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Tutor Awards

Every year, we give three awards for excellence in tutoring. We always have great nominees in every category, and the decisions are difficult to make. Each nominated tutor submits one or more recorded tutoring sessions plus a written reflection on how those sessions demonstrate best tutoring practice. These are reviewed by the award committees, to whom we owe special thanks for their service.*

 

Congratulations to the 2019-20 award winners:

 

The Jim and Judi Herbert Endowment Award for Excellence as an Undergraduate Tutor: Julia Goncalves

We were impressed with the range of responses Julia is able to employ in her tutoring sessions. In her work with students, she becomes a facilitator for their brainstorming, and, by quickly determining what each student needs, she helps them identify their next step for revision as a specific and manageable goal. On the whole, her active listening and interpersonal skills, her ability to prioritize, and her skill in guiding students through their revisions makes her extremely deserving of this year’s award.

While she’s already completed her undergraduate degree, she’s still working with us for one more semester before she goes to Germany on a Fulbright English Teaching Assistantship.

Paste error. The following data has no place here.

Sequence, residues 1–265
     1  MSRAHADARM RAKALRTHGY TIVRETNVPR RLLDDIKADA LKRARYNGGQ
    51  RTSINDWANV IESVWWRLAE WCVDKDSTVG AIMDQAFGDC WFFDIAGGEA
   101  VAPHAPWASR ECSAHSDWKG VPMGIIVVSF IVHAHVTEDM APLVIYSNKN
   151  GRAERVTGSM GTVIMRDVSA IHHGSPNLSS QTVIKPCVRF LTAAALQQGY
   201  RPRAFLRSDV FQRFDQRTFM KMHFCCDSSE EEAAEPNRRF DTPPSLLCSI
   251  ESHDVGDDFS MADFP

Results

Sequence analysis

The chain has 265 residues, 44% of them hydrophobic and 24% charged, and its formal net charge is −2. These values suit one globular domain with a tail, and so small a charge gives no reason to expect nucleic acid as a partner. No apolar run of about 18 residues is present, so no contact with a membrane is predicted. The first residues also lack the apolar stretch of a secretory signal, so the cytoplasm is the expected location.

The John C. Hodges Award for Excellence as a New Tutor (given to a first-year English MA or MFA tutor): Jake Buller-Young

Jake “reads” students well and uses open-ended questions, gentle clarification, and even silence, when needed, to prompt students to work through their ideas. He consistently shows an ability to empathize with the student’s perspective, making use of a key strength—attentiveness–in adapting to students’ needs.

Jake is now a second-year MA and, fortunately, is continuing to work in the Judith Anderson Herbert Writing Center this year.

 

John C. Hodges Award for Excellence as an Experienced Tutor (given to an English Graduate Teaching Associate or Lecturer tutor): Allie Johnston

There’s much to admire in Allie’s work, particularly her ability to help students articulate their own ideas in writing. Allie gives students much more than assistance in how to write a paper, as ultimately, each session becomes a broader conversation about learning-at-the-university: knowing how things work, understanding frames and genres, and knowing when and how to use resources. This kind of global discovery is at the heart of the best kind of any type of instruction.

Allie is serving this year as our GTA-level assistant director and will be working as a liaison with our campus partners and serving as a coach to some of our new tutors.

 

 

*Special thanks to the members of the three award committees: Melinda Backer, Pax Gutierrez-Neal, Jackie Kerr, Anne Langendorfer, Kristina McCue, Anne Snellen, and Caroline Wilkinson